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Thursday, 4 October 1984
Page: 1210

Senator RICHARDSON —I direct my question to the Minister representing the Treasurer. Is the Minister aware of a report in yesterday's Sydney Morning Herald which claimed that according to a survey conducted by the Melbourne University Institute of Applied Economic and Social Research and by the Morgan research people, consumer confidence and optimism are at an all time high? Can the Minister confirm that this confidence about personal finance is beginning to show up in recent retail sales figures and, further, does this survey put paid to the claim by the Opposition that the average Australian is $23 a week worse off under Labor?

Senator WALSH —I am aware of the survey to which Senator Richardson referred. Indeed, I think an assessment of it and a graph was published in the morning Press. As Senator Richardson stated, it does show that consumer confidence and optimism is at an all time high. He also asked whether this confidence is beginning to show up in retail sales. The answer to that is also yes. In the three-month period ending July, retail sales were 7.3 per cent higher than they were for the same period of the previous year. That, along with a wealth of other evidence, puts the lie to the claim by the Opposition that the average Australian is $23 a week worse off since this Government was elected. I return to the survey which was the subject of the question. Apart from the fact that the level of consumer confidence and optimism in September is higher than it has ever been in any other September-there has been a seasonal pattern over the last several years in consumer confidence, which tends to fluctuate throughout the year; September is historically a fairly low month-this is the highest level of confidence in September that has shown up in this survey over a 10-year period, and the gap between the September average and the 1984 September figure is greater than the gap for any other month.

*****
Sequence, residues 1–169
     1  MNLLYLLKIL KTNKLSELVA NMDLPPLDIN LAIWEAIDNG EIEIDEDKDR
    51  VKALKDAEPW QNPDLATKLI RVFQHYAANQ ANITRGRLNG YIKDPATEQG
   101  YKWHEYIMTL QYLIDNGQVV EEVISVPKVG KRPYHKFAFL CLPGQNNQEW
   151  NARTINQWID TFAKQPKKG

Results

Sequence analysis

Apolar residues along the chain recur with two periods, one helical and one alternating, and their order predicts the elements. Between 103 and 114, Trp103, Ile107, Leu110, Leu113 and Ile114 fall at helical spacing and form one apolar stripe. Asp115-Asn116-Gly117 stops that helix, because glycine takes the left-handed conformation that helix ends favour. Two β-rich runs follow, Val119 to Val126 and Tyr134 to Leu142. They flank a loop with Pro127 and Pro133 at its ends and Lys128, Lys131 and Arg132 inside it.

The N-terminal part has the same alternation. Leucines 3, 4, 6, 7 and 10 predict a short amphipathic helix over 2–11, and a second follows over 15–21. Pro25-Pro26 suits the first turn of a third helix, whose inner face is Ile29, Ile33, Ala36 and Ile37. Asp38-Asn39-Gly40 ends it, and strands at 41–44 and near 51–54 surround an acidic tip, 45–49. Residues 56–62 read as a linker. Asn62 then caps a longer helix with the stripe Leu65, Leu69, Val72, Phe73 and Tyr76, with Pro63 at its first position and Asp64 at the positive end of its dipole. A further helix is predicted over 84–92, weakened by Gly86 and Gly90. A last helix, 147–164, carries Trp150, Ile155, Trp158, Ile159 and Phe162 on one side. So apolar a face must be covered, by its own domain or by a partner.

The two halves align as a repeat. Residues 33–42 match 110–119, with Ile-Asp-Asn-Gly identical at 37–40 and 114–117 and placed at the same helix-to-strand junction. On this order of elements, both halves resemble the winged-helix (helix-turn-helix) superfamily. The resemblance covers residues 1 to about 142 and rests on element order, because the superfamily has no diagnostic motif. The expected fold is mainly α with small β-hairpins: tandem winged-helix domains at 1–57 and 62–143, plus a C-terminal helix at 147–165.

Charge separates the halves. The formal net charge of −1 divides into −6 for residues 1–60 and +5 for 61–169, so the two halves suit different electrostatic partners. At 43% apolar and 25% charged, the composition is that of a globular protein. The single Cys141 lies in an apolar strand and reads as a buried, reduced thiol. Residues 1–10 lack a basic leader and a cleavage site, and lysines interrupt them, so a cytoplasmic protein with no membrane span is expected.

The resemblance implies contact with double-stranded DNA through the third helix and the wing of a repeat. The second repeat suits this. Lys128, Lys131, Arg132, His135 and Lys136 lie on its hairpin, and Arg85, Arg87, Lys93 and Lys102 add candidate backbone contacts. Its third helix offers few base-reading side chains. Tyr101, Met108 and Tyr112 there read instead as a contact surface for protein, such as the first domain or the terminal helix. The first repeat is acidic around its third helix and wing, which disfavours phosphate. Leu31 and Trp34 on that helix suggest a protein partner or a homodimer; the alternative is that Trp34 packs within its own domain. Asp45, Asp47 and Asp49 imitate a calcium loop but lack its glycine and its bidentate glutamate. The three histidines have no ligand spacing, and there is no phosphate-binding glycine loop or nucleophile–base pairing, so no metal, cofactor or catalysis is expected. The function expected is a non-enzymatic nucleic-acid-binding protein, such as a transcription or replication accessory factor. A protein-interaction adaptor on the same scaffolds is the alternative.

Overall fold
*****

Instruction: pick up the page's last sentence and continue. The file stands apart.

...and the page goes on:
The final point I make is that consumer confidence hit an all time low in November 1982-an indexed figure of 75 compared with the figure of 116 recorded in the most recent survey in September of this year. The November 1982 figure, of course, followed immediately upon the presentation of the 1982 Budget by the discredited former Treasurer. Immediately on the election of the Labor Government in March 1983 the consumer confidence index figure rose to 97.4 per cent and has been, I think it is fair to say, on a steadily rising trend ever since.